Critical that could be used in order to

Critical review: Wilson, K., &
French, C. C. (2014). Magic and memory: using conjuring to explore the effects
of suggestion, social influence, and paranormal belief on eyewitness testimony
for an ostensibly paranormal event.

 

Summary

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Wilson and
French (2014) conducted a study investigating the ‘effect of suggestion, social
influence and paranormal belief upon the accuracy of eyewitness testimony for
an ostensibly paranormal event’, which was based upon Wiseman and Greening’s
(2005) study. Their prime area of research was used to study connections in
perception and memory as they saw conjuring as an element that could be used in
order to study the human from a different perspective.

 

One hundred
and eighty undergraduates (144 were females and 36 were males) who had all
responded to a poster advertisement were used in the study, they were rewarded
with either £5 or a course credit. The study used a 2 x 3 x2 factorial design
‘with verbal suggestion (suggestion vs. No suggestion), social influence
(negative social influence vs. No social influence vs. Positive social
influence), and belief group (believers of the paranormal vs.
Non-believers)’.  Participants were asked
to watch a video where a psychic picked up a key and attempted to use
psychokinetic to bend the key to a 25-degree angle. The psychic used in the
study was a real magician who had been using the sleight of hand trick for a
long time. Participants in the suggestion condition heard the psychic say after
he had put the key den that it was still bending while in the no suggestion
condition the same video was used but the audio of the section in which the
psychic made the suggestion was removed.

 

 

 

 Within their study, it was hypothesized that
the participants who took part in the suggestion condition would be more likely
to say that that the key kept on bending compared to those in the no suggestion
condition. It was also assumed that those in the positive social influence
condition were more likely than those in no social influence to say that the
key did bend even after it was put down. Four different types of questionnaires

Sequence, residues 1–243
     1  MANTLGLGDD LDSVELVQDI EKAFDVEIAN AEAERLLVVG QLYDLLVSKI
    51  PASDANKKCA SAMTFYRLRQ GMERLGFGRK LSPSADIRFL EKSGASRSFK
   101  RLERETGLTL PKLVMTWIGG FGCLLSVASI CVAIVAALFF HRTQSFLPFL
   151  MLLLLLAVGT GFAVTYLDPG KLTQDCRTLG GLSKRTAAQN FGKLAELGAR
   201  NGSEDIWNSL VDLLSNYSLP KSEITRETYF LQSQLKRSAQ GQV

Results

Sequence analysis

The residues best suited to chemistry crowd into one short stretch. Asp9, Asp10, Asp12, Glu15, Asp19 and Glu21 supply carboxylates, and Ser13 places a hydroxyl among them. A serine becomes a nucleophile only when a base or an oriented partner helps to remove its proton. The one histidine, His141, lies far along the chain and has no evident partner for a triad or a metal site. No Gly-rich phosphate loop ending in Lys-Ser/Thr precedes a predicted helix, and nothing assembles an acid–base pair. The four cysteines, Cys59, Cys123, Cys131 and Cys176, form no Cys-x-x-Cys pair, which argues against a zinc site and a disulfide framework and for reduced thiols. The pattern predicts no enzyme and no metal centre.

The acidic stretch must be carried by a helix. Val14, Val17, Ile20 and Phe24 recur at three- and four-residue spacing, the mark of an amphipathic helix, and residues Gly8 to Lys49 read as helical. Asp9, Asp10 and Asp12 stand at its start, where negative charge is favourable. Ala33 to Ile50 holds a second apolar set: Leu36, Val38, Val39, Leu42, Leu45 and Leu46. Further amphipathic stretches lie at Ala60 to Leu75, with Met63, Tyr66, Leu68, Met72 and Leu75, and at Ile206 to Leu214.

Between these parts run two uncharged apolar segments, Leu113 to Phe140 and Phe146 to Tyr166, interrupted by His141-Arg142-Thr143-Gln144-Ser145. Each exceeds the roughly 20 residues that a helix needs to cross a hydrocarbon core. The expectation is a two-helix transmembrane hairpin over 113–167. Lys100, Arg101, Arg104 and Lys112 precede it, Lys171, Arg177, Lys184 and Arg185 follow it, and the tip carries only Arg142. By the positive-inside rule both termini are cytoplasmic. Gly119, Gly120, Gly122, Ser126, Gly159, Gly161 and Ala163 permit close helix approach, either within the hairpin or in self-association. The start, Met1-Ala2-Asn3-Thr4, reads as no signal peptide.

were used to record the participants’ answers and perception on what they
thought they saw from the trick. A Fixed Response Questionnaire (FRQ) which
included four questions with a third critical statement which was used as the
main dependent variable in the study. A Forced-Choice version of the Australian
Sheep-Gat Scale (ASGS) which consisted of 18 statements used to allocate
participants to their belief group. Dissociative Experience Scale (DES) is a
28-item self-report questionnaire while the Self-Monitoring Scale of Expressive
Behaviour is a 25-item true-false questionnaire which assessed how reliant participants
are on other people in social situations.

 

Critical
review

General
critique of research context

The research
conducted was made in 2014 which makes it more applicable as it captures a
modern day representation of the effects of art conjuring and how it is
affected by belief groups, social influence and verbal suggestion.

 

Wilson and
French’s reasoning for doing this research is on that can be considered as of
importance as it supports previous research with empirical evidence which is
crucial as it strengthens the argument proposed making it reliable. This type
of study is important for the field of interest as it helps provide and
explanation for reports of ostensibly paranormal experiences (OPEs) and also
gathers information on what links can be made with memory. This emphasizing the
need for the study as the topic of interest is one that is under-researched and
ignored as a lot of the research done into eyewitness testimonies resides
within forensic psychology.

 

At the
bottom of the article, Wilson and French explicitly stated in the ‘Conflict of
Interest Statement’ that the research was done objectively despite it being
reviewed by someone connected to the University of Goldsmiths. It stated that
there was no conflict of interest which would have affected the research in any
way lending more credibility to it as the result gained can be seen as more
trustworthy and unbiased.

 

Critical
review of the article as a whole

The article
clearly states where it stands in this field of work and what they are trying